Animal model studies have demonstrated the failure of penicillin to cure Streptococcus pyogenes myositis and have suggested that clindamycin is a more effective treatment.Objective.
To determine the most effective antibiotic treatment for invasive S. pyogenes infection in humans.Design and setting.
We conducted a retrospective review of the outcomes of all inpatients from 1983 to 1997 treated for invasive S. pyogenes infection at Children's Hospital.Patients.
Fifty-six children were included, 37 with initially superficial disease and 19 with deep or multiple tissue infections.Main outcome measure.
Lack of progression of disease (or improvement) after at least 24 h of treatment.Results.
The median number of antibiotic exposures was 3 per patient (range 1 to 6) with clindamycin predominating in 39 of 45 courses of protein synthesis-inhibiting antibiotics and beta-lactams predominating amongst the cell wall-inhibiting antibiotics in 123 of 126 of the remainder. Clindamycin was often used in combination with a beta-lactam antibiotic. Overall there was a 68% failure rate of cell wall-inhibiting antibiotics when used alone. Patients with deep infection were more likely to have a favorable outcome if initial treatment included a protein synthesis-inhibiting antibiotic as compared with exclusive treatment with cell wall-inhibiting antibiotics (83% vs. 14%, P = 0.006) with a similar trend in those with superficial disease (83% vs. 48%, P = 0.07). For those children initially treated with cell wall-inhibiting antibiotics alone, surgical drainage or debridement increased the probability of favorable outcome in patients with superficial disease (100% vs. 41%, P = 0.04) with a similar trend in a smaller number of deep infections (100% vs. 0%, P = 0.14).Conclusions.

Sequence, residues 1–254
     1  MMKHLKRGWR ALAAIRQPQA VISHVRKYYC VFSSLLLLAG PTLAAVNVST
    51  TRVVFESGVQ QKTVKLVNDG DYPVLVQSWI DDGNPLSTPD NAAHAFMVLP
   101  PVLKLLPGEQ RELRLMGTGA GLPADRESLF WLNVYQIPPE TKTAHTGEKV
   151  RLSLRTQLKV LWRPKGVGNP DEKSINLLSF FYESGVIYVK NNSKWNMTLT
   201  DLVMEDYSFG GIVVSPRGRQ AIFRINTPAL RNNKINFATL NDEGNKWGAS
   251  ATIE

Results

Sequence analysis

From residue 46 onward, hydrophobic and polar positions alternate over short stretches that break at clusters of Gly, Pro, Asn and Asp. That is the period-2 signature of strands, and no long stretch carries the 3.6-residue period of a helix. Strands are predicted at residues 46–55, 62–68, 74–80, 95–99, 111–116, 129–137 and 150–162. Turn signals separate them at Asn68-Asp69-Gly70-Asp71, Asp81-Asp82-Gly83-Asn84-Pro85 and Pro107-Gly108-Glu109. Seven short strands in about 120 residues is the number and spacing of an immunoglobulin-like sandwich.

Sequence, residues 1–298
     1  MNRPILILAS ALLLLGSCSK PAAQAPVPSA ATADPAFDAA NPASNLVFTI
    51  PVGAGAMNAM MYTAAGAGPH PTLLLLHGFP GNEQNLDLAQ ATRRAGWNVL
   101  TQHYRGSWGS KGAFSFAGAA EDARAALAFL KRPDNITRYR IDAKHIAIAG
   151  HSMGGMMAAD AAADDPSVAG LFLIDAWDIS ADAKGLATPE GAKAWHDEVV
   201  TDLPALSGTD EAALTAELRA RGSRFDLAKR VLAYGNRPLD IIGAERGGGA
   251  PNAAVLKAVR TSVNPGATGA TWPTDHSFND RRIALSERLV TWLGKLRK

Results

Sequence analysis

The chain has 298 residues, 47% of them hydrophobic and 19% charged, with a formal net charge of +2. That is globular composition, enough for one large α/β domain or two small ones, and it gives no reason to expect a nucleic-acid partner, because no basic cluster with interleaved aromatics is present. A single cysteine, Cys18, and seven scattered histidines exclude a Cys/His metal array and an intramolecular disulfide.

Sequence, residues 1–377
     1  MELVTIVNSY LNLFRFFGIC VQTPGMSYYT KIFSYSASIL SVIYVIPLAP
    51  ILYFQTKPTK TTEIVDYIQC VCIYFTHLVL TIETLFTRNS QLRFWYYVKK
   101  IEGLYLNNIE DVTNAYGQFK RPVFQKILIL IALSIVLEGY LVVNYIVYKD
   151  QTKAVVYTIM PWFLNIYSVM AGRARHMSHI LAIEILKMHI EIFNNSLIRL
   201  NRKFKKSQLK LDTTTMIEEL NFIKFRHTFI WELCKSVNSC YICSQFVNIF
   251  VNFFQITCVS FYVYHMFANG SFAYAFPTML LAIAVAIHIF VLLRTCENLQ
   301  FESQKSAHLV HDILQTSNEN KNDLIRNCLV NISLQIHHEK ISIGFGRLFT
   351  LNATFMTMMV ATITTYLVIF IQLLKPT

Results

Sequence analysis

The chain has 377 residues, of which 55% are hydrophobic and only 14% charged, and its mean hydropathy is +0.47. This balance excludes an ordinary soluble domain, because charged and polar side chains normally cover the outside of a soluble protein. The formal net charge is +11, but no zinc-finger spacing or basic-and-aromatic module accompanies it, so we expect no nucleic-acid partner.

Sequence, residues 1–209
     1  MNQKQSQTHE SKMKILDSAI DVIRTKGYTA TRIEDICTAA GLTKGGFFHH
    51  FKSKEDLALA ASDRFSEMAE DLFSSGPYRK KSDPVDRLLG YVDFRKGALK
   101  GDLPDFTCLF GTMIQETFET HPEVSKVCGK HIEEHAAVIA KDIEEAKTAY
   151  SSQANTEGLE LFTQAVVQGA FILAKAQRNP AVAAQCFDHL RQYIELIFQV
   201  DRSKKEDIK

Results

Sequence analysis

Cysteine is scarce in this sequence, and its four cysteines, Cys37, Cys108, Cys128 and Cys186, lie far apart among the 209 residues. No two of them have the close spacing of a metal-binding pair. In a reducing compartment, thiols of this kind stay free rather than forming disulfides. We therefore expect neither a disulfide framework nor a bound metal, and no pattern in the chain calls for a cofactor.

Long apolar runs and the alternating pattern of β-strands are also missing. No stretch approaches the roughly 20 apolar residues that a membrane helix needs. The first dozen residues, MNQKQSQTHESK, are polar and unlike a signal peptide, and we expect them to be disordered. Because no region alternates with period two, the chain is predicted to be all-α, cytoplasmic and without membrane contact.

This retrospective study suggests that clindamycin in combination with a beta-lactam antibiotic (with surgery if indicated) might be the most effective treatment for invasive S. pyogenes infection.